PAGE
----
Abstract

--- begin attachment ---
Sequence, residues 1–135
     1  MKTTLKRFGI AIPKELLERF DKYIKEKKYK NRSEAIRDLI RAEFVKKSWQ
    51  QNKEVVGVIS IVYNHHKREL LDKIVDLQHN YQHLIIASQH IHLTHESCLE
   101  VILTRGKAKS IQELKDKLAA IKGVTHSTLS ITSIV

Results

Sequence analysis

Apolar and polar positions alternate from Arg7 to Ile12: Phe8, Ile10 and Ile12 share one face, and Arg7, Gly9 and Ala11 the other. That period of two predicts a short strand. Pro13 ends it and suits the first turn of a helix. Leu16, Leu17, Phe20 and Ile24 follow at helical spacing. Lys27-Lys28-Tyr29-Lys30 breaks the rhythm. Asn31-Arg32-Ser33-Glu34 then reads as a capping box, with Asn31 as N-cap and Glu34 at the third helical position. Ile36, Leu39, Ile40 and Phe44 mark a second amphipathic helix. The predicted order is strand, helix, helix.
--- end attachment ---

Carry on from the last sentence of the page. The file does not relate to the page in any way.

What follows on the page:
A flood debris assemblage of fossil Coleoptera is described from a 10 600 year old terrace deposit in southern Ontario. It is a small sample of the fauna that had colonized the region after deglaciation and although the species are extant, the assemblage is a surprising mixture of faunistic elements for which there is no known modern analog. Species with wide-spread boreal, arctic-alpine, northwestern boreal, southern boreal, and eastern distributions are recorded. The present ecologic and geographic distributions of the species indicate a valley environment with similar habitat diversity and climate to those which characterize the tundra–forest transition zone of northern Canada. This interpretation is supported by macroscopic plant evidence but conflicts with pollen evidence which implies a climate with warmer summers. To resolve the problem it is proposed that the valley fauna and flora survived in an isolated cold microenvironment surrounded by regionally warmer conditions and for which analogies presently exist on the north and east shores of Lake Superior.

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